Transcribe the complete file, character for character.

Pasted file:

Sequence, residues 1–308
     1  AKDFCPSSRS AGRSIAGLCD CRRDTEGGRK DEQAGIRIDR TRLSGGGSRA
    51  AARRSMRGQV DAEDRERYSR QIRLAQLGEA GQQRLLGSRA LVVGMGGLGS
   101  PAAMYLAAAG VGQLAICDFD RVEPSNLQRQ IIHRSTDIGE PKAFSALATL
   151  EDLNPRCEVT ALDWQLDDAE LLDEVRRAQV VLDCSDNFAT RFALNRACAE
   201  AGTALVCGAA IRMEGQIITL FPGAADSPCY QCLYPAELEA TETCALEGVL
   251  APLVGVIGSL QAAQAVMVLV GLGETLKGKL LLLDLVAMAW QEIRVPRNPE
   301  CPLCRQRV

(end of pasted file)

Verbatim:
Sequence, residues 1–308
     1  AKDFCPSSRS AGRSIAGLCD CRRDTEGGRK DEQAGIRIDR TRLSGGGSRA
    51  AARRSMRGQV DAEDRERYSR QIRLAQLGEA GQQRLLGSRA LVVGMGGLGS
   101  PAAMYLAAAG VGQLAICDFD RVEPSNLQRQ IIHRSTDIGE PKAFSALATL
   151  EDLNPRCEVT ALDWQLDDAE LLDEVRRAQV VLDCSDNFAT RFALNRACAE
   201  AGTALVCGAA IRMEGQIITL FPGAADSPCY QCLYPAELEA TETCALEGVL
   251  APLVGVIGSL QAAQAVMVLV GLGETLKGKL LLLDLVAMAW QEIRVPRNPE
   301  CPLCRQRV